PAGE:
Spectacle fuels new economy

In the New New Economy, you don't have to do anything, make anything or have any talent. Just ask Kim Kardashian.

A recent story in the Hollywood Reporter revealed Kim and her ubiquitous family pulled in $65 million last year. That's a whole lot of something for a whole lot of nothing.

But in the New New Economy, the only thing that matters is audience. If you've got followers, you'll have customers. Think of those Verizon commercials where a mob of people follow behind the guy in glasses. That guy, in the New New Economy, would be General Motors.

Here's how it works. In the old days, you made something. A saddle. A table. A car. Then you sold it to people. If they liked your product, they bought more, you made more, they bought more, etc.

The world has flipped. Product is being made in Third World nations. Audience is what Americans are specializing in.

Start with Kardashian. She makes nothing. She has no particular skill. Her initial claim to fame was having a self-made sex video that went wild across the Internet.

The sole fascination with her seems to be - and I don't mean to be crude here, but correct me if I'm wrong - (1) Who's she having sex with now? (2) What would it be like to have sex with her? (3) How is she always at a party? and (4) Her butt.

These curiosities have spawned an audience of over 6 million Twitter fans, and a blog that she claims has more than 40 million hits a month.

In the New New Economy, that's all you need.

What Kardashian does, very cleverly, is sell her ravenous audience to the highest bidder. She charges up to six figures to attend a party, and reportedly can get a million for a party overseas.

How can someone charge for going to a party? Because, like that guy in the Verizon commercial, she brings all those curious people with her, in real and virtual life. Photographers, reporters, blog followers. The party gets publicized because she is attending, which is why the party pays for her to show.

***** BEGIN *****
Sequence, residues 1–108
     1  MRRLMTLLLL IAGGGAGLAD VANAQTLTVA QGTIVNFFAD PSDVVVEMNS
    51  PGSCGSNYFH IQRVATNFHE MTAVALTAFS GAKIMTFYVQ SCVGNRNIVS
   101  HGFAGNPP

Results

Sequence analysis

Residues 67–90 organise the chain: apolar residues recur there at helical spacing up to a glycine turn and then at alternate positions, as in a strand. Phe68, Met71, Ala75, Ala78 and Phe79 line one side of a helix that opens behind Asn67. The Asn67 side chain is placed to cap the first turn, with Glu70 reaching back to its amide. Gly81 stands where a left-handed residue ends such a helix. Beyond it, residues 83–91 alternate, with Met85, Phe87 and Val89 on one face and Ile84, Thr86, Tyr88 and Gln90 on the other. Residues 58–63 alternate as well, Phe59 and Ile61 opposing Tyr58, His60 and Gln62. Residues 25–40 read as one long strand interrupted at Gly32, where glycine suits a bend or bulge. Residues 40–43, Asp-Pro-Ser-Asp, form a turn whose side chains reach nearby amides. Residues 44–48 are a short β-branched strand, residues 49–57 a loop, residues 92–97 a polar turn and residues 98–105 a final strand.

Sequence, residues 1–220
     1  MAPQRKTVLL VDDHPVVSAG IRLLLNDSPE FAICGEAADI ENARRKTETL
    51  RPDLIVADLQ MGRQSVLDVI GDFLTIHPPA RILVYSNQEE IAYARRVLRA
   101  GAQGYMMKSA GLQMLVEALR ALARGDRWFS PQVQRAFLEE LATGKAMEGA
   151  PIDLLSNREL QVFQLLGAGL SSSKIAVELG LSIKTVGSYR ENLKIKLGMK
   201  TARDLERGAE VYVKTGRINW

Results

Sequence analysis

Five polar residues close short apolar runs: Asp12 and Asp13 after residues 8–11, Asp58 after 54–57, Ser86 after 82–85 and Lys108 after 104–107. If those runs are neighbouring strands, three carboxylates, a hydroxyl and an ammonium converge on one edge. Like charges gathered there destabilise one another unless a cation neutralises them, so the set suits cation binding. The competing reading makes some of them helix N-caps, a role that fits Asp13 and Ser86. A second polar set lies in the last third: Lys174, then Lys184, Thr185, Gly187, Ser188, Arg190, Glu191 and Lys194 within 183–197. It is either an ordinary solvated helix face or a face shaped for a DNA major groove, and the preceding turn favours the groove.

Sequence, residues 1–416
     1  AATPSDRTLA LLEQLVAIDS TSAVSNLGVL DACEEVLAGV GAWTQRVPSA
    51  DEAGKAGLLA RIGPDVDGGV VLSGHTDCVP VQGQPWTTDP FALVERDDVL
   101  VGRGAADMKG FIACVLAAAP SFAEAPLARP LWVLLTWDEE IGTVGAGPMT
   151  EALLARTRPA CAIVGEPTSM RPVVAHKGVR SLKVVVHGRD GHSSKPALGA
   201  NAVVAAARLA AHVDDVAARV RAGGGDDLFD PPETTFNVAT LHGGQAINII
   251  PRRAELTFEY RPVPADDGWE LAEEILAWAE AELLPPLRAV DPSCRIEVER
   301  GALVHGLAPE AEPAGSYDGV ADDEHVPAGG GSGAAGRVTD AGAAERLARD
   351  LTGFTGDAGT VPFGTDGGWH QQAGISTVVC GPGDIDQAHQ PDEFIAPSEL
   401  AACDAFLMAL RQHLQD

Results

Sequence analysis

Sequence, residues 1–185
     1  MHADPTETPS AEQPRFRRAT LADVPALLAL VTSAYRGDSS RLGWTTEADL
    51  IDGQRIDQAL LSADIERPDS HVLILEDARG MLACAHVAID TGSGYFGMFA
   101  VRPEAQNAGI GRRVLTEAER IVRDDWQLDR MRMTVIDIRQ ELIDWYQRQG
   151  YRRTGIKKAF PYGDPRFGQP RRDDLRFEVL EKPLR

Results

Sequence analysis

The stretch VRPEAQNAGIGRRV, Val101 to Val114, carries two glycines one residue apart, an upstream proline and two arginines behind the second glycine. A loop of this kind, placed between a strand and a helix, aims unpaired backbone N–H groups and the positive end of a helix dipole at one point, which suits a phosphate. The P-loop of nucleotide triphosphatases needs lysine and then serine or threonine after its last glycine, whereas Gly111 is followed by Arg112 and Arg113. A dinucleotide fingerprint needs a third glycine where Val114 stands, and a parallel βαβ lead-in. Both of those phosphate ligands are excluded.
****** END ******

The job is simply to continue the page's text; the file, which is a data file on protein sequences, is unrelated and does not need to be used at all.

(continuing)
Same goes for Twitter. Kardashian reportedly charges $25,000 to endorse a product with a tweet. Simply by typing "I just used ________ hairspray!" her words go to 6.5 million people, presumably many who have so little imagination about their lives, they just want to emulate hers. For the hairspray company, that means potential customers.

This, by the way, is no different than some of the biggest companies in the New New Economy. Look at Google. Look at Facebook. They don't actually make anything. What they deliver is audience. And they earn billions by selling that audience to advertisers.

My worry is that instead of teaching our kids that skill, dedication and hard work are the path to success, we are teaching them that he-who-makes-the-biggest-jackass-video and she-who-pulls-her-skirt-up-highest can earn the most money.

Remember a few years back, when studies began to show that what kids wanted most in life was to be famous? It's an actual profession now. Lindsay Lohan (who has ceased to be an actress and become a sideshow), Paris Hilton, Perez Hilton - they are all proof of it.

The problem is, there are still only 24 hours in the day, and people can only be titillated for so long. Fame in and of itself cannot sustain as a profession. And if we stop making things the world needs, the only way to keep on top is to scream louder and be more audacious than the next person trying to draw attention.

What kind of economy is that? The New New one. We used to make and sell the tent. Now we just try to fill it.

Contact Albom, a columnist for the Detroit Free Press, at malbom@freepress.com.